Catherine: Interested in learning good, strong advertising. Commercial space is leaps and bounds ahead of us. Feel great about grassroots support we Democrats have. Big interest in Act Blue, just a platform to process donations. Railing against it is someone standing outside and yelling. GOP is doing some interesting things. Transparency reports are very important.
Tim: Lack of media planning training on senior level. Done on consultants side. Operatives don’t have good training. Would it help the situation?
Rebecca: you get this media plan from a consultant, figure out what actually ... committees don’t teach you how this works. Now I know what they mean and I ask questions.
Catherine: I was lucky in 2014, Emily’s List had someone in place to support digital staff. Here’s your plan. Talk about metrics, what you should ask. Immensely helpful. The DSCC and DNC teamed up to do digital boot camps, bring in directors, whole session devoted to understanding their plans. We don’t have financial incentive.
Melissa: Clients aren’t particularly familiar with this. We walk them through it. First half of new client call trying to educate them. What is your goal? Think through this. Education part is huge part of what consultants should be doing.
Zachary: Hardest part of campaign buying is pacing and reporting. Can’t leave money on the table. Understand internal elements and pressure points. Hard to have those conversations when you in the thick of it and then youy’re not.
Tim: Buying inhouse. Half on the brand side, going into politics now. should the largest spenders bring buying in house? Pros, cons?
Catherine: I don’t think bringing inhouse is best allocation of time, resources. Bringing creative more inhouse is collaborative. It came into being from input from digital team. We don’t have staff or relationships with media. Having digital buying live with a trusted partner is valuable. I cannot speak to the TV part of th conversation.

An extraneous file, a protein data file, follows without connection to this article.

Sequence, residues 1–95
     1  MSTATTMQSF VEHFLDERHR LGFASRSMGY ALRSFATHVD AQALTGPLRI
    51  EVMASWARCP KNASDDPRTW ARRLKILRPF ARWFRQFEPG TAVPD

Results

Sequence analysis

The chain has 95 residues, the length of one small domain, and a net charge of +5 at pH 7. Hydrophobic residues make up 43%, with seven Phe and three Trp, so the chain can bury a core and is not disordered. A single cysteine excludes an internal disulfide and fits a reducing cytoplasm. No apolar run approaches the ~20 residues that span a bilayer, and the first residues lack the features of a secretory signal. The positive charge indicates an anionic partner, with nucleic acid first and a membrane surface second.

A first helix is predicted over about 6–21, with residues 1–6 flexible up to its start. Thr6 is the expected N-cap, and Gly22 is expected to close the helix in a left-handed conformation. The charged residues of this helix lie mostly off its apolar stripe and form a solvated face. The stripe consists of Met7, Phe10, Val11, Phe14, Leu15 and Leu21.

Melissa: Difficult to bring TV inhouse. Learning curve. Relationships, negotiations. Makes sense to bring social media, organic, in house. Don’t just give it to an intern. Churning out content day after day.
Rebecca: Bring TV inhouse before digital. I’d rather spend time on which content goes where rather than figuring out digital, how is it performing.
Zachary: Presidentials can build inhouse. But it’s not a flat question, but for politics it’s not a long-term solution. Will be torn down cycle over cycle.
Tim: 2020’s over, figure out what happened. What’ll we be talking about?
Melissa: we’ll see increase in TV space buying, more viewers on connected TV and OTT.
Rebecca: Trend will be less TV. More focus on digital and cord cutter folks. With 2018, biggest lesson was digital is a thing. Maybe it’s not such a big thing.
Zachary: Driver will come from the presidentials. They don’t need to buy so much TV as they’re always in the news. We have to come up with voice activated search, how am I using my iPod? Trump campaign showed it can be done with different budget allocation. I don’t know if I have to see everyone on Instagram having a beer everyday.
Catherine: Folks who run truly integrated campaigns will find most success. How digital, commas, persuasion departments sit at the same table.